The ratio is . Three causes of the ratio could be considered: (1)If indicates that (2)If indicates that (3)If indicates that

The ratio is . Three causes of the ratio could be considered: (1)If indicates that (2)If indicates that (3)If indicates that

Consequently, two conditions are necessary for defining the single state of the multicellular surface. Two constants are related per single condition. We formulated 12 conditions placed within 3 groups. Combinations within groups could not define a new system state. The number of states could be expressed as (where is the number of states, is the combination of 12 conditions of the second class, and is the combination of 3 conditions of the second class).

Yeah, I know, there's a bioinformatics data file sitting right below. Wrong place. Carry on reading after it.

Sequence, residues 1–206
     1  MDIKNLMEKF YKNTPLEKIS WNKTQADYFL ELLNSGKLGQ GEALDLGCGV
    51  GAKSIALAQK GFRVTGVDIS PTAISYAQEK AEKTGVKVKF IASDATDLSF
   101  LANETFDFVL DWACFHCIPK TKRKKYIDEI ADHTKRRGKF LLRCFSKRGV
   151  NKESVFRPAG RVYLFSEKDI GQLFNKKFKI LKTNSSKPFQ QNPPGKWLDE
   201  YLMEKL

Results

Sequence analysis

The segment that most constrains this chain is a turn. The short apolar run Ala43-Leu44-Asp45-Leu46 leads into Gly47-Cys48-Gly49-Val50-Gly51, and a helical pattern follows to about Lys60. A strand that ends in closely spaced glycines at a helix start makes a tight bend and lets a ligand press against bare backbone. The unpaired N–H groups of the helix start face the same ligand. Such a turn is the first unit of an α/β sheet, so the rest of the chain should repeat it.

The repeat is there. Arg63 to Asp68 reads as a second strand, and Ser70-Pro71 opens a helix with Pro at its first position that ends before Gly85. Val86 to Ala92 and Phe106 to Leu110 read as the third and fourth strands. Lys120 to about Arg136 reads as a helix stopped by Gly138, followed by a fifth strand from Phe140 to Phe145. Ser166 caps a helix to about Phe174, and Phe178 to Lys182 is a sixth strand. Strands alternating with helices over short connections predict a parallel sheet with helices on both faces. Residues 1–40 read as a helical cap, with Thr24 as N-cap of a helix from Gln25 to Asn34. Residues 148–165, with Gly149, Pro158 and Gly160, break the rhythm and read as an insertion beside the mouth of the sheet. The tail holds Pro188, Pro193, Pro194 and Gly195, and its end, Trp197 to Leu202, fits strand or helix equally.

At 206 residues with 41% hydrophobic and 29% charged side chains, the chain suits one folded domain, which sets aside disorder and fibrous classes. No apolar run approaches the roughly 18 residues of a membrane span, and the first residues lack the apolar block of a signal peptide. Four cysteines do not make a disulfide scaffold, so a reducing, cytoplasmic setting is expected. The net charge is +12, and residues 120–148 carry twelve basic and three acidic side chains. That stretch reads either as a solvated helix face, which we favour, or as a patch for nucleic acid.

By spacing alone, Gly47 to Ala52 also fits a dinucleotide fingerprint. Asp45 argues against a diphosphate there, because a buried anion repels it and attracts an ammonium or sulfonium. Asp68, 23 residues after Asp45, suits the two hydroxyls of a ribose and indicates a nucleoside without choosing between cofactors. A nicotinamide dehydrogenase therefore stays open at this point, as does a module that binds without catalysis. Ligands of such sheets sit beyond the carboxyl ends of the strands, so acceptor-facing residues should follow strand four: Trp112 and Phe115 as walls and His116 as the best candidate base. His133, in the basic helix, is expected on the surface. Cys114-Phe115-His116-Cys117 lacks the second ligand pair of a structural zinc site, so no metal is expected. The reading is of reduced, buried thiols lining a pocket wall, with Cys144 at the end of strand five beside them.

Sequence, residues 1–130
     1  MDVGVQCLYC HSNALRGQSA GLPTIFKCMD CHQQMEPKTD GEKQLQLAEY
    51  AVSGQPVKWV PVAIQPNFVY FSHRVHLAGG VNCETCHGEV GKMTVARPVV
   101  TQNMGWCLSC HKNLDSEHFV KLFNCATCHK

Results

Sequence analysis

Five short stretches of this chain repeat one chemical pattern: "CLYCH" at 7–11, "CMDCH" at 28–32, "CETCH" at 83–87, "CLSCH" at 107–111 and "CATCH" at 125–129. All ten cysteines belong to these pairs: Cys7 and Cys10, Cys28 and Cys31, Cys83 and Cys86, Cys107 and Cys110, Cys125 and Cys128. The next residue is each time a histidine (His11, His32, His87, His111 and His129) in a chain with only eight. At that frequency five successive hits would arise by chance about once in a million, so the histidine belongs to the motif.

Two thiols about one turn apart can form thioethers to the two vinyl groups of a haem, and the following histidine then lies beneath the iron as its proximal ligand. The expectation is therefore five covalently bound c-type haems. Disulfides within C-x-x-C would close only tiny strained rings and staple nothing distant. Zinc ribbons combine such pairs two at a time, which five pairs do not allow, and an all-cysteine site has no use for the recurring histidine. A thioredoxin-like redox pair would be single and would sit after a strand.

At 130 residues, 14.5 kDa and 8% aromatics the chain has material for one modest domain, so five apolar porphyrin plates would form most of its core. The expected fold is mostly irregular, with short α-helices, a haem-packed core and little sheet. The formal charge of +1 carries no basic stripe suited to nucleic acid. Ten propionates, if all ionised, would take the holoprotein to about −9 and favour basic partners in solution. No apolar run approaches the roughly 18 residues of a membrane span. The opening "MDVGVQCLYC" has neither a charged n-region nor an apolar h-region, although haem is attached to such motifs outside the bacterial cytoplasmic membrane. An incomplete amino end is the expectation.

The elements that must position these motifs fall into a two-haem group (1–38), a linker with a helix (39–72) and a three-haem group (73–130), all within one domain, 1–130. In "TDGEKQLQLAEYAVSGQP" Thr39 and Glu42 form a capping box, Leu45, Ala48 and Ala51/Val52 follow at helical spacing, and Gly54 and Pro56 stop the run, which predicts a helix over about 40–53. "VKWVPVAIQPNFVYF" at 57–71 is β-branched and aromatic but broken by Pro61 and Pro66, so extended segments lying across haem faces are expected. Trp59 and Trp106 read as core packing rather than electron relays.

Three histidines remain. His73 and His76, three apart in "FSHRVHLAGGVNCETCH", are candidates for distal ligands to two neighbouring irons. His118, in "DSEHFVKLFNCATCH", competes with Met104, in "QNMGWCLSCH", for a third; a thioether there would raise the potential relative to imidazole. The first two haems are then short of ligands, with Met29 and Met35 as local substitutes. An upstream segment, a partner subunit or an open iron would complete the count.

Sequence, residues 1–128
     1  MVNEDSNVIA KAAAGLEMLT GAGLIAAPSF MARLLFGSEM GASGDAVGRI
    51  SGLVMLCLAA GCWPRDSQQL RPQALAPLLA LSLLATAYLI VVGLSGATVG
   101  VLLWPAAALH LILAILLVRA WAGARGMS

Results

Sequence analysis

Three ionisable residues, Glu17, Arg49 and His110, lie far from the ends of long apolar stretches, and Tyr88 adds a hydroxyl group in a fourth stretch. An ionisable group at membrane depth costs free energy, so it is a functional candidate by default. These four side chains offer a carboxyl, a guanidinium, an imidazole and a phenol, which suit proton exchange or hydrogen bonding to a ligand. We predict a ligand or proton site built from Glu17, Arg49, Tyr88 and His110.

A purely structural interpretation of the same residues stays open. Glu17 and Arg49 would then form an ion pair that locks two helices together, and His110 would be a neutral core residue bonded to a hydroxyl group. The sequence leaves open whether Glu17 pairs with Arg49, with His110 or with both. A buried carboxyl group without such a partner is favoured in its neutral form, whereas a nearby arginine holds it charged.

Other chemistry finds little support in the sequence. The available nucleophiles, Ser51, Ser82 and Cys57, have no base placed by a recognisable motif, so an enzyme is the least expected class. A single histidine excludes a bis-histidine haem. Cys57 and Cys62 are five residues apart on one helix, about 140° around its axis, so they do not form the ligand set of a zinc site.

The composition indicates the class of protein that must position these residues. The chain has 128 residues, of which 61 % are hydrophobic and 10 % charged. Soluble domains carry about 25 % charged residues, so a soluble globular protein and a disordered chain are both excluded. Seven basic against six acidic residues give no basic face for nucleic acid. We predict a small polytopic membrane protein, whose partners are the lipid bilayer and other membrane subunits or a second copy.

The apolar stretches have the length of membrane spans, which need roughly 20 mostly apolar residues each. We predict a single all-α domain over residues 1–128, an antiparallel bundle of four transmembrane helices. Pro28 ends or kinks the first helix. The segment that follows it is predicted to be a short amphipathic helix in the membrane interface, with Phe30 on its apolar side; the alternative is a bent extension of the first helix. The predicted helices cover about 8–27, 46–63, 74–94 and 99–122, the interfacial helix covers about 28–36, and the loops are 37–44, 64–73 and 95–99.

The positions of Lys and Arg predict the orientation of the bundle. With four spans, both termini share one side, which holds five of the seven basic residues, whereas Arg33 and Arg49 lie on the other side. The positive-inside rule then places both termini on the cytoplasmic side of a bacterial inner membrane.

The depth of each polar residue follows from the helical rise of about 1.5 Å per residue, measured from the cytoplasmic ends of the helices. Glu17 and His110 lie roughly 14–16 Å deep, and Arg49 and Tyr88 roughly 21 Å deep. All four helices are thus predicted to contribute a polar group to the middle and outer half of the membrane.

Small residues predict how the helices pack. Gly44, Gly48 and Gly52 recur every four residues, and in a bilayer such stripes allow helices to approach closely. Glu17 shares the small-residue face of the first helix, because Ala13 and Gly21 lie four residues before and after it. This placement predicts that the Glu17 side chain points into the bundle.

These 3 groups of cases determine the influence of uncorrelated motility on cell resting-to-migrating cell state transition and vice versa as well as configuration changes of migrating cells through mechanical perturbations and biochemical perturbations . Two cases (first group case 1 and second group case 1) correspond to low mechanical and biochemical perturbations, respectively. Two cases (first group case 2 and second group case 2) correspond to medium mechanical and biochemical perturbations. Two cases (first group case 3 and second group case 3) correspond to large mechanical and biochemical perturbations. Uncorrelated motility accounts for internal and external effects. Internal effects are caused by stress accumulation within migrating cell groups during their intercalation through a dense cellular environment [23]. External effects represent the consequence of the collision of velocity fronts which is significant even in 2D [27]. Uncorrelated motility represents the main cause of change of the relaxation rate of the aggregate shape after uniaxial compression from cycle to cycle [13]. Additional experiments are needed to correlate uncorrelated motility with cell type and microenvironmental conditions. This modeling consideration accounts for uncorrelated motility and its impact to dynamics of configuration changes.